Since then, Trinity has received further benefactions from many members and friends wishing to assist its work in education, learning and research, or to help with the preservation and extension of its buildings. It is now the largest college in the University.

During the First 100 Years

During the first 100 years, Trinity grew quickly in size and importance. It was much patronised by the prominent families with many leaders of the time receiving their education at Trinity. Sir Edward Coke, Lord Bacon and the Earl of Essex were undergraduates in the late 16th century; in the 17th century, the College supplied six of the translators of the Authorised Version of the Bible from among its resident Fellows, and counted among its members the poets George Herbert, John Suckling, Andrew Marvell and John Dryden.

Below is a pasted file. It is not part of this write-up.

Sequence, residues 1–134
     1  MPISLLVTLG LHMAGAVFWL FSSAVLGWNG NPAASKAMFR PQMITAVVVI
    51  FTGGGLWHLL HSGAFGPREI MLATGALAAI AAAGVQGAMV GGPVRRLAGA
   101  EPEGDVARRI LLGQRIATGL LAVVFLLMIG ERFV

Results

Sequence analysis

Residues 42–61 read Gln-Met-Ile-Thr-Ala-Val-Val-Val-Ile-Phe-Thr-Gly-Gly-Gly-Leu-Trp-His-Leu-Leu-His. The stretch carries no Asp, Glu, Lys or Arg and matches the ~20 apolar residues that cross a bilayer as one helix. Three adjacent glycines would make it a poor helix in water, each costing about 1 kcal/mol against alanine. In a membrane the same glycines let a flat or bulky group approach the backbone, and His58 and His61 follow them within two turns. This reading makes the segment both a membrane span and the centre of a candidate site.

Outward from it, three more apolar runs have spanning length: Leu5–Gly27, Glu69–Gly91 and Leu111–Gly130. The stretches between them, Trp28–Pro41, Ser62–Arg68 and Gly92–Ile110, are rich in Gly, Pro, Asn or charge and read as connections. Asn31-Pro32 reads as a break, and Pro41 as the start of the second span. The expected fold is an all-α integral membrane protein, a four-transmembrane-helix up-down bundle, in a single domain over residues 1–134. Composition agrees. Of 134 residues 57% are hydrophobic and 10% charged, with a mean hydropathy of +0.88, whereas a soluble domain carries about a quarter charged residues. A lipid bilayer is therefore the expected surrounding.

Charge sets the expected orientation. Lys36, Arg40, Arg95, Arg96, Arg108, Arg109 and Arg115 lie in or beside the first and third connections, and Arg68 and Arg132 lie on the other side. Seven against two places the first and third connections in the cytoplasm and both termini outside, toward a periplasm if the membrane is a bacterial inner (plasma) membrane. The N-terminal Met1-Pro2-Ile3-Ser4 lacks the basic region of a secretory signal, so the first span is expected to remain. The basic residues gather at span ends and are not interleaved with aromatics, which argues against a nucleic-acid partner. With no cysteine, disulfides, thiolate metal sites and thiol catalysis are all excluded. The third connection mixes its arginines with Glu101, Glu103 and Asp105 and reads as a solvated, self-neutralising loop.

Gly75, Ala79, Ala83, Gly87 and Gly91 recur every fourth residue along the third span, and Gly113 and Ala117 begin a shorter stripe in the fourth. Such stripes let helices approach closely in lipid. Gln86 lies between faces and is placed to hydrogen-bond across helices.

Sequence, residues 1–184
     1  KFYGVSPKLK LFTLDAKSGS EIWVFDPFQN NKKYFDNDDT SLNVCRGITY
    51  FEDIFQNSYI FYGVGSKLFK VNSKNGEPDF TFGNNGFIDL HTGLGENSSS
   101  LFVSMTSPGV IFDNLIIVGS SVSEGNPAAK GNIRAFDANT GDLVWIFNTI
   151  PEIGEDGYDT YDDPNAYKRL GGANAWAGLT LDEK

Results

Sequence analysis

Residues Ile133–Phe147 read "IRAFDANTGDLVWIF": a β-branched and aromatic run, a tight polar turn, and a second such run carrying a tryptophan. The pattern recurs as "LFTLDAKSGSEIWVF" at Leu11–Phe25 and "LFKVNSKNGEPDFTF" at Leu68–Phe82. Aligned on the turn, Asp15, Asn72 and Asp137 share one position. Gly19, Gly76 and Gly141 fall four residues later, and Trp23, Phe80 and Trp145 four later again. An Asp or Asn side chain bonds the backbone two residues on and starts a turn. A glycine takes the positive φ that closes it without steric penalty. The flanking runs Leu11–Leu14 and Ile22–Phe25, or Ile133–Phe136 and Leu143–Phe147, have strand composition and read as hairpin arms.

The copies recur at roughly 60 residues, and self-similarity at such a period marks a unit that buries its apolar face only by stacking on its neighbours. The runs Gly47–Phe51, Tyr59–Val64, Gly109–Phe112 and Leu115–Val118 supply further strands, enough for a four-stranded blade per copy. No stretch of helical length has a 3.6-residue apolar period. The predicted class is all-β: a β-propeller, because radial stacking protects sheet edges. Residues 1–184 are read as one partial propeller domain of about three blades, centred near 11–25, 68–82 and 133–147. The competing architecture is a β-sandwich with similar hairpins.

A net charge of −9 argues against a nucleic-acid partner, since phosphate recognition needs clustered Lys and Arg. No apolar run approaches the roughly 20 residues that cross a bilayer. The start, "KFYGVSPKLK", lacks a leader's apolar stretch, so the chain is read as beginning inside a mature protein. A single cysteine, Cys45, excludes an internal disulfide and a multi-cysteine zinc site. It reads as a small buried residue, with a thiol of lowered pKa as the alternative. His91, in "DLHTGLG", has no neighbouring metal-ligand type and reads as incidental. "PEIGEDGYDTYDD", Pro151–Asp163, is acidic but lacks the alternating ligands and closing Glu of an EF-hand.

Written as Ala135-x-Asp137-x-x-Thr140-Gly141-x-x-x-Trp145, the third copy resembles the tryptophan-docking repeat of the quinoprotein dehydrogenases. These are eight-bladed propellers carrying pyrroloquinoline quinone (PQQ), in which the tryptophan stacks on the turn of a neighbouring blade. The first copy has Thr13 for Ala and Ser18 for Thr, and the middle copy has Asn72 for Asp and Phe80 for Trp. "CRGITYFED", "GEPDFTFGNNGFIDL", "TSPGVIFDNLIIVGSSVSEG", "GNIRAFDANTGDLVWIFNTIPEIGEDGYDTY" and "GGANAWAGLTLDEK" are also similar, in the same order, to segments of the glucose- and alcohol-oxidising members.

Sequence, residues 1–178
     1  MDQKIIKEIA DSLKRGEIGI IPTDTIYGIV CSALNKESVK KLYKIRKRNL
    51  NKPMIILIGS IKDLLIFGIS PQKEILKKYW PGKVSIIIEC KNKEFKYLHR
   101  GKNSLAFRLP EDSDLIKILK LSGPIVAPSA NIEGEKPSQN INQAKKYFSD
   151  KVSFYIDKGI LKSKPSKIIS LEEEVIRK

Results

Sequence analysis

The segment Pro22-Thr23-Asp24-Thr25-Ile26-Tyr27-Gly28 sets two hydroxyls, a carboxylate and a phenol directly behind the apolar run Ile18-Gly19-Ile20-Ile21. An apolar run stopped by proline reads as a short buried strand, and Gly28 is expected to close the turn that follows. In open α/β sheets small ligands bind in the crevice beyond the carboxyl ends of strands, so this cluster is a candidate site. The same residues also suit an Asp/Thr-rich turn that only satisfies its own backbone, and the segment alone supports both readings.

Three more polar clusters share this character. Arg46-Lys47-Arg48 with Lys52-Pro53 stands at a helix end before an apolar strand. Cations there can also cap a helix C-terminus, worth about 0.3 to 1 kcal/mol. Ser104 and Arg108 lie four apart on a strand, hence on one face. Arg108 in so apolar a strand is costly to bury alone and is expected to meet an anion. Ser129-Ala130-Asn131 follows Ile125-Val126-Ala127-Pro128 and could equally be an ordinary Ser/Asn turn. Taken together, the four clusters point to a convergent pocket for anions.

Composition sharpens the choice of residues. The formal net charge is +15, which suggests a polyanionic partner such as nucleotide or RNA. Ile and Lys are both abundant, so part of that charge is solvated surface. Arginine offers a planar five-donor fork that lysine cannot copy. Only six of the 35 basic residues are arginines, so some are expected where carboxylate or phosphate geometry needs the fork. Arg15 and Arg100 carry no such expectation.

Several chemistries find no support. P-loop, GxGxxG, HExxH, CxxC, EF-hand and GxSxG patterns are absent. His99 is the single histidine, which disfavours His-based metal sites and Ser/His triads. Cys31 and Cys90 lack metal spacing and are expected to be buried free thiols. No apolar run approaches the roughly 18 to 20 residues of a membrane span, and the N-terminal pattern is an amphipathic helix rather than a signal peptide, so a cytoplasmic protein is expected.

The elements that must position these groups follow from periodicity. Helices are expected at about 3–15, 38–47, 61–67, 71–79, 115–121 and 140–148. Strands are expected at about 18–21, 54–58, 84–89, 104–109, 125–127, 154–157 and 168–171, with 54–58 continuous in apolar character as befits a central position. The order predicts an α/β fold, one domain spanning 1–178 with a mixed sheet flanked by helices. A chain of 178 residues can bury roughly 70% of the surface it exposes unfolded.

Queen Elizabeth I appointed Thomas Nevile as Master of Trinity in 1593. At that time, the College was, architecturally speaking, merely King’s Hall and Michaelhouse strung together without clear boundaries or structure. From 1593 to 1615, Nevile designed and presided over the architectural development of Trinity to form the basis of what it is today. During his Mastership, Great Court was created using existing structures to form a single coherent space. He replaced the decaying Michaelhouse buildings with the Hall and privately funded the building of Nevile’s Court.